Between lethal microbials and microplastics, our drinking water is a cacophony of fluctuating unknowns. I can’t be the only water sommelier who thinks most of our H20 tastes like hot garbage. Sometimes I feel like I am being offered the drain pipe at a waterpark that hosted an IBS convention that day. Imagine what our plants are thinking. For the sake of this article, let’s agree that plants are sentient beings worthy of clean and balanced water to grow properly.
It’s a known fact that we turn our water brown and send it off to the purification plant to get treated with chlorine, fluoride, and whatever approved scientific experiment they are trying to negate our eventual demise. If you pour this into the root system of a sensitive plant accustomed to pH-perfect fluids, you are flirting with plant murder.
Some municipalities don’t allow rainwater collection, but you should make it a habit. Set up a reservoir or some buckets under your gutters and let Mother Nature provide you with the world’s oldest elixir free of charge so you can give your plants a chlorine-free drink in the dog days of summer. Rainwater with perfect pH is becoming a commodity. I feel like Mad Max with a spade protecting my heirloom tomato seeds from the evil garden overlords.
Whisky And Water
Apologies to my editor; the whiskey is swinging from the chandeliers this evening, accenting some thoughts over the left-field wall. Whiskey, much like water, must taste right. It can’t be pumped full of poison and molested by foreign agents like during prohibition. Your city has spruced up the water flowing through your pipes and sewers, making fluoride and odd fecal matter the norm. You would be surprised how many drugs get flushed down the toilet. Your plants can not only tell the difference between rainwater and tap water; they may even reject your slum water altogether and stop any uptake of nutrients.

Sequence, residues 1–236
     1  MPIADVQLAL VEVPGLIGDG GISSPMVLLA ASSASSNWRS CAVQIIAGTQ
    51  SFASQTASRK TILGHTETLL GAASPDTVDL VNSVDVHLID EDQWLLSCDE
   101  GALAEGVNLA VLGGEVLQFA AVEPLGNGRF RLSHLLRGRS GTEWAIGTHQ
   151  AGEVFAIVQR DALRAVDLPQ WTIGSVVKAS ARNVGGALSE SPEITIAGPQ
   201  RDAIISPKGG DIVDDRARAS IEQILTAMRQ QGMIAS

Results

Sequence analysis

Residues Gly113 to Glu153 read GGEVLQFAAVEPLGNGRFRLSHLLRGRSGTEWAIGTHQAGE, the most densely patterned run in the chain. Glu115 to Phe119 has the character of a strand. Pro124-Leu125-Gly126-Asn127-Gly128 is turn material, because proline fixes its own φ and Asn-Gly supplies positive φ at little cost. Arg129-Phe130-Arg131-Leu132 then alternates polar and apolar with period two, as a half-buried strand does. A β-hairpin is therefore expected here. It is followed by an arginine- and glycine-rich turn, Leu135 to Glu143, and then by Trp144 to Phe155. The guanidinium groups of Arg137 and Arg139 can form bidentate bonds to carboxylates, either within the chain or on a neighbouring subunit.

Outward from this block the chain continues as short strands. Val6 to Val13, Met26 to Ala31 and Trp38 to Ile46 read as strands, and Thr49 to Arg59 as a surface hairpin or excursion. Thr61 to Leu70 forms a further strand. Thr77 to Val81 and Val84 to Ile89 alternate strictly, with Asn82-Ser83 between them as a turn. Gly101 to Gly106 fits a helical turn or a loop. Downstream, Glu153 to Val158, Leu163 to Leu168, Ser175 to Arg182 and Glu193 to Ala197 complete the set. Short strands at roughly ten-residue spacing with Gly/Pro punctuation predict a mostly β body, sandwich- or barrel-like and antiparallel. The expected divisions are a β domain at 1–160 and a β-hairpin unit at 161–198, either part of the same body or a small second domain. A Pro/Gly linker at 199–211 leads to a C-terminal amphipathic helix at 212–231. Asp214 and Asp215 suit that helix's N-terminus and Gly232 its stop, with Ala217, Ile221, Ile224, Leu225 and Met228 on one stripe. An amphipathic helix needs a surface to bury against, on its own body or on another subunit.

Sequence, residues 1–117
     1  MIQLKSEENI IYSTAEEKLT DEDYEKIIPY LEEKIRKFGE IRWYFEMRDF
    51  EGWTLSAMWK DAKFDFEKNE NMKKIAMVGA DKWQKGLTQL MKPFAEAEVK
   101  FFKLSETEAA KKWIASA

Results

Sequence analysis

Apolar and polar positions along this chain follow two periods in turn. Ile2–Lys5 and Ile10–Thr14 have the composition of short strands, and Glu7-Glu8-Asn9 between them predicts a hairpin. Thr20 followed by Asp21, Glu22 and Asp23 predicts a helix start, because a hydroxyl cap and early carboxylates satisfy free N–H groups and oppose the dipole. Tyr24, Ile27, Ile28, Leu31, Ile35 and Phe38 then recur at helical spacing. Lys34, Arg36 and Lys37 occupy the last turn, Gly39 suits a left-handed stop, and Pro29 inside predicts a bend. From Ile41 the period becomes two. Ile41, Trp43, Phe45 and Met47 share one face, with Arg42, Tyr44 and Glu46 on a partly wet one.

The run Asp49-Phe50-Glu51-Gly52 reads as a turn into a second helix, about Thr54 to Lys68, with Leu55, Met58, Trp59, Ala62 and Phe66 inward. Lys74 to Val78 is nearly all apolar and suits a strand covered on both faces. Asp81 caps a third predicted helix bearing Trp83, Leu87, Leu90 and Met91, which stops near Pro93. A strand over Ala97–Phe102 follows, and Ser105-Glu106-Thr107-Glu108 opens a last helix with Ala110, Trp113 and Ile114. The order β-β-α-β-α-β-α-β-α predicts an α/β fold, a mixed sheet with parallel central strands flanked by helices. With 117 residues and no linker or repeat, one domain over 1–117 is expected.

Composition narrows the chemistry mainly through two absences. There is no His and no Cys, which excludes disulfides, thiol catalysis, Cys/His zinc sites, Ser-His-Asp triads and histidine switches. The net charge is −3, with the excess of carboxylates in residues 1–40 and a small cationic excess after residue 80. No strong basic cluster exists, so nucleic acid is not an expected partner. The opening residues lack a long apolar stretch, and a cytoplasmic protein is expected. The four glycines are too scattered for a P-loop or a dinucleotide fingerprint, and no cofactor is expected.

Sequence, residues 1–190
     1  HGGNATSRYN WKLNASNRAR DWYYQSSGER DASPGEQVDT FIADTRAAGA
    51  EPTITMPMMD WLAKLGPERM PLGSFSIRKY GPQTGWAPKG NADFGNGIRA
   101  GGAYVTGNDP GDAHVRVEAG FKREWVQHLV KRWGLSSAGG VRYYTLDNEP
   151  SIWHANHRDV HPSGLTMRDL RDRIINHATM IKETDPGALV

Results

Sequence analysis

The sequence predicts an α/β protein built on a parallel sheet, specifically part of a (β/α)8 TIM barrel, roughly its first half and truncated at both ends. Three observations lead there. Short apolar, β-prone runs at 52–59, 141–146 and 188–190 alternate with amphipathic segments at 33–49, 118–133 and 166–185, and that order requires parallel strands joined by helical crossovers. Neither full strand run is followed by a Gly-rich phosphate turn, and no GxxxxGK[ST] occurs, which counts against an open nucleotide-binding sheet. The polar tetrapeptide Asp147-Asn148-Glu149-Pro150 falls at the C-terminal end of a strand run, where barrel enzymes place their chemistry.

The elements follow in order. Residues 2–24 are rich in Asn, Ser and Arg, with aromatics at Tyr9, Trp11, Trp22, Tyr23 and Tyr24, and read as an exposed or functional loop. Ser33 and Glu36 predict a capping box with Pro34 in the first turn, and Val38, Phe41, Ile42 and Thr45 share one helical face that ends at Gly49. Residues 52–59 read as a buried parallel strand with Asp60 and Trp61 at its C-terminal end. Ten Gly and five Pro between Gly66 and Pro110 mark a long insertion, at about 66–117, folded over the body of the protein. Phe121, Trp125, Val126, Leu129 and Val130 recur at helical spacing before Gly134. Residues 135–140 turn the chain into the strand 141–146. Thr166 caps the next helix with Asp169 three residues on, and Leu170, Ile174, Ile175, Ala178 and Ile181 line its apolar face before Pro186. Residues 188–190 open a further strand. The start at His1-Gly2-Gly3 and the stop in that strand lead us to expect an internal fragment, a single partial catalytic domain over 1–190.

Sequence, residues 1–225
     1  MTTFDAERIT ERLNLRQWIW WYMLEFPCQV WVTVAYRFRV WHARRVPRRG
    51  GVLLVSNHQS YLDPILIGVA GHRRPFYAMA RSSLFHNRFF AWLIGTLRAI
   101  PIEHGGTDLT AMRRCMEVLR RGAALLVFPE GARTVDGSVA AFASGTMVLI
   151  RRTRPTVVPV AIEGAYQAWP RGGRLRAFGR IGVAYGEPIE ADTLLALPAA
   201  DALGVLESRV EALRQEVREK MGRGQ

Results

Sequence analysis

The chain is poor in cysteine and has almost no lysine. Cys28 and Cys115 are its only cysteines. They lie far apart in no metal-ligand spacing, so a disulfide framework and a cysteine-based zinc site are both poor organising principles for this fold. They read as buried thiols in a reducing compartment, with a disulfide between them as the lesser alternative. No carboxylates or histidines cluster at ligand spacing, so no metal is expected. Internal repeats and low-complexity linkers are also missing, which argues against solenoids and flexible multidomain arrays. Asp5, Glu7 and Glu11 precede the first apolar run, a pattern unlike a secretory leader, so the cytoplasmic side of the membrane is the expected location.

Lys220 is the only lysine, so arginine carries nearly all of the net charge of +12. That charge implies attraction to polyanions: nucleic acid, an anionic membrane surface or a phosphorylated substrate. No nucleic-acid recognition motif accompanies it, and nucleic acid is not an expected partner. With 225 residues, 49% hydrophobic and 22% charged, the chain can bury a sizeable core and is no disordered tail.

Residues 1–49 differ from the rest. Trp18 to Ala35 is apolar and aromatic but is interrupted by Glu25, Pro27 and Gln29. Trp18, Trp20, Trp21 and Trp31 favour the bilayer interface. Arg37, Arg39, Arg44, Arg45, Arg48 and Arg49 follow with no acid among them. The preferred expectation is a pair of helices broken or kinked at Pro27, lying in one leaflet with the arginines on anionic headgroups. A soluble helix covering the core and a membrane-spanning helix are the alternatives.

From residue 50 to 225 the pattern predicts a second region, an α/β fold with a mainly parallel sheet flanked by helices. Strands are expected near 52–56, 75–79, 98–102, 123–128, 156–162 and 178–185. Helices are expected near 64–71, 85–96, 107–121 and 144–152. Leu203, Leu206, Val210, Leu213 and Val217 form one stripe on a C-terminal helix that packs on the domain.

It’s the same with us at a restaurant; if the water tastes suspect, it’s not going down the hatch, and it’s an indicator of what’s in store for the rest of my meal.
Natural Water Cycles
This is all thanks to our naturally occurring water cycle: Evaporation, Convection, Precipitation, and Collection. The key is catching the water before it enters the water table. Funny because whiskey is made in much the same way. The mash is heated, and the vapor is then collected to make something that feeds the soul and is free of impurities.
It sounds botanically militant to scrutinize the water I feed my plant babies, but we are all allowed our obsessive-compulsive crutches, and clean drinking water for my garden might be mine. This is meant to act as a supplement and a buffer to your watering regimen. Sadly, even the water out in the “country” doesn’t pass muster. We as a society need to do better.
Get Some Buckets
It takes little effort to shove a bucket somewhere outside before a rainstorm. I am often seen running around my property like some crazed bucket lady trying to catch as much sweet sky liquid as I can. If your plants look sick, it can be attributed to water issues. Just because you checked your pH yesterday doesn’t mean it hasn’t shifted overnight. Your tap water was getting the job done last week, but now the city chlorinated the supply, and the plants don’t appreciate it very much. Good thing you have a few buckets of rainwater on hand to give them the drink nature intended.
The whiskey is flowing, and by the looks of the clouds, so soon will the sky. So I’m off to stumble down my back steps to fetch some empty buckets. If you don’t hear from me in a week, call my editor and tell her I have fallen and can’t get up and to send an ambulance and some more whiskey.
Happy drinking…I mean growing.